Executive Q&A: 'Business is good' at Dane County Farmers' Market, manager says [The Wisconsin State Journal :: ]
(Wisconsin State Journal (Madison, WI) Via Acquire Media NewsEdge) Aug. 09--Bill Lubing grew up on Lake Mendota Drive on the West Side, spent years in the newspaper and publishing industry and for six years created newsletters for the Dane County Farmers' Market.
In April, Lubing, a Memorial High School graduate, was named manager of the market, which consists of the Saturday market around the Capitol, the Wednesday market on Martin Luther King Jr. Boulevard and indoor markets during the winter at Monona Terrace and the Madison Senior Center.
"I don't bring (an agricultural background) but I bring a business and promotion background to the market," Lubing said.
"I have an understanding of the ag (side of the business) and I love the variety of what this job is, from managing people to managing the books."
There are 288 members, with 50 vending on Saturdays and 50 to 120 during the winter.
Q: Is business good at the farmers' market?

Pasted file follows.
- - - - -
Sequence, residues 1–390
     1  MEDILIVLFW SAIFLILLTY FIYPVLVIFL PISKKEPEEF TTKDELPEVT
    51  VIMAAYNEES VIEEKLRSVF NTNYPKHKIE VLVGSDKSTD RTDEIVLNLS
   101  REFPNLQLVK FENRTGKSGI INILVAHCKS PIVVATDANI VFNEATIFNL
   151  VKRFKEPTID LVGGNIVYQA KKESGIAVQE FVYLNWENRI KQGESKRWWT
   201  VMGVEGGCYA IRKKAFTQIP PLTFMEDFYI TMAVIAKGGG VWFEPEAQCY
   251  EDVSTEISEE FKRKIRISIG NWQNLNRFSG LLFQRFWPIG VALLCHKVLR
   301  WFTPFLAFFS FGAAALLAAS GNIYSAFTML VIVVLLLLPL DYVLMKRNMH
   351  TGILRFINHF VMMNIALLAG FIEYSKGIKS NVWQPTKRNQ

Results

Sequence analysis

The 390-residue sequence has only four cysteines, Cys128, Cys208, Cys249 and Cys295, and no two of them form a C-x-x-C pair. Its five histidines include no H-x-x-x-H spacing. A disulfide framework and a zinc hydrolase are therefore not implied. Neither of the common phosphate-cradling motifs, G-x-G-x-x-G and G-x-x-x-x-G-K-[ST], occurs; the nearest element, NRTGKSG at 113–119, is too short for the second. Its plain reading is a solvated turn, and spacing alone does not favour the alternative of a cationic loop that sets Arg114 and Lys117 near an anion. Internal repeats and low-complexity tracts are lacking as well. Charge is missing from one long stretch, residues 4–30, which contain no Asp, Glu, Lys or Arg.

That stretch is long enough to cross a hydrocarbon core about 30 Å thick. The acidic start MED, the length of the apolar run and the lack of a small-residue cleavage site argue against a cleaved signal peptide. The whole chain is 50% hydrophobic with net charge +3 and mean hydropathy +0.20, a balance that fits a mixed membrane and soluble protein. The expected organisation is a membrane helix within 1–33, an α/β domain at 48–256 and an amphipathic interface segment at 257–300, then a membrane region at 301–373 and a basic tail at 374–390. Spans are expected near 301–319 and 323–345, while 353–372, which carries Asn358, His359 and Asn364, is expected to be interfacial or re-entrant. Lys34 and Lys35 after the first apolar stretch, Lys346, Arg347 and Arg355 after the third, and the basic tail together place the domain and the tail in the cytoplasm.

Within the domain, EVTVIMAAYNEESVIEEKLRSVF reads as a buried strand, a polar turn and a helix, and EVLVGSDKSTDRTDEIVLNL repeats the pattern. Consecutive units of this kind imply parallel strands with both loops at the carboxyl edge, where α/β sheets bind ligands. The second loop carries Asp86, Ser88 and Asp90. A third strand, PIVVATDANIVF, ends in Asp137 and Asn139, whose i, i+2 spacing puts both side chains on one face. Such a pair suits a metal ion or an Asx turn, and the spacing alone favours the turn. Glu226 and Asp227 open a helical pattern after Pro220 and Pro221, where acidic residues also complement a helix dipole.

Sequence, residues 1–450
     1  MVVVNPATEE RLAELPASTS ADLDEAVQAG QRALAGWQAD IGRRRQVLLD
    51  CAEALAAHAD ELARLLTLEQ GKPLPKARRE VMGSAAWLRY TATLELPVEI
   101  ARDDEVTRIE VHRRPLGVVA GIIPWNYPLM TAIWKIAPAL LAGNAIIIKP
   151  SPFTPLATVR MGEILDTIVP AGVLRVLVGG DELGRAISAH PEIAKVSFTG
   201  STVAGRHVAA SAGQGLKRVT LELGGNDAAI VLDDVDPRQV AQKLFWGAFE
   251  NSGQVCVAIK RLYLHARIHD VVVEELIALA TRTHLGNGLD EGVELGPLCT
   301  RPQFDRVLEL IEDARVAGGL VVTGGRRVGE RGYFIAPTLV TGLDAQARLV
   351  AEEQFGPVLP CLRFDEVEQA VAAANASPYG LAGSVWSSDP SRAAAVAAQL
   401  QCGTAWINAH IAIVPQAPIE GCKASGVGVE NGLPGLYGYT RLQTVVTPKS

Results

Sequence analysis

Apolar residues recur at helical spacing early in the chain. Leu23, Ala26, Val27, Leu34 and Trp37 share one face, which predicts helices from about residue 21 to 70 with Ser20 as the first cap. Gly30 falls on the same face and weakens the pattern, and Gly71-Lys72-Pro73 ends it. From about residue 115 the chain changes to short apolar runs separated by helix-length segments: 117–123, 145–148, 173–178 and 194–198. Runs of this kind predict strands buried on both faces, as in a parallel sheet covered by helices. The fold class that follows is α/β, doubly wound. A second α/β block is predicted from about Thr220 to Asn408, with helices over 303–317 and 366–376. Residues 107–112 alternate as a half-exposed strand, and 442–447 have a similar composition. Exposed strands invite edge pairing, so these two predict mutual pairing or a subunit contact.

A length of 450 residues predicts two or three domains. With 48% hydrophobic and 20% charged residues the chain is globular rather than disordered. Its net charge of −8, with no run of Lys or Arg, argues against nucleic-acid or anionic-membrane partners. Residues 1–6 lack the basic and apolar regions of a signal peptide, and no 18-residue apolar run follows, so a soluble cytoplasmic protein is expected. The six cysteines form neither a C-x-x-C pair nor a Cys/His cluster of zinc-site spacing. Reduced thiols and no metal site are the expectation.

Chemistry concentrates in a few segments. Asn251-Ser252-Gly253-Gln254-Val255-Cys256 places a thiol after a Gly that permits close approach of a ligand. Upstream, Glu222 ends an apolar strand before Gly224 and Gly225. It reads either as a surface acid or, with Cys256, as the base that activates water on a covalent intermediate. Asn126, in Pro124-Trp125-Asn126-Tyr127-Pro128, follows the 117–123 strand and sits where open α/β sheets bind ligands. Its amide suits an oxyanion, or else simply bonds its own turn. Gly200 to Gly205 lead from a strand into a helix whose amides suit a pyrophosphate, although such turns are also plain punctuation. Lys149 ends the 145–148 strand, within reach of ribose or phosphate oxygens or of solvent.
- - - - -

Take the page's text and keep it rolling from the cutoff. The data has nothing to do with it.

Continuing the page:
A: Oh yeah, business is good. For some, it's excellent. For others, it's not so good. A lot of it depends on what they're selling, how many other people are selling it, what their pricing is and, probably most important, what the weather is. If you're selling something like produce where there's a lot of people selling the same thing, it's always a challenge. We're not a juried market (in which the types of vendors are limited by segment), so as long you meet the rules and guidelines, you can come in.
Q: Any idea what the average Saturday market generates in terms of revenue?
A: I don't think the market has ever tabulated it, but we would like to get an idea of that.
Q: How can a vendor increase sales?
A: I feel like the market should do what it can to help our members promote and market themselves, which has not always been the philosophy of the market. I think at this point, I believe, and I think the board does, too, that we need to do what we can to help the marketing of our individual members.
Q: What would that entail?
A: Maybe it's using a (commercial) kitchen to have it pickled. Turn it into a value-added product, something that nobody else has. Find other outlets, contact more restaurants.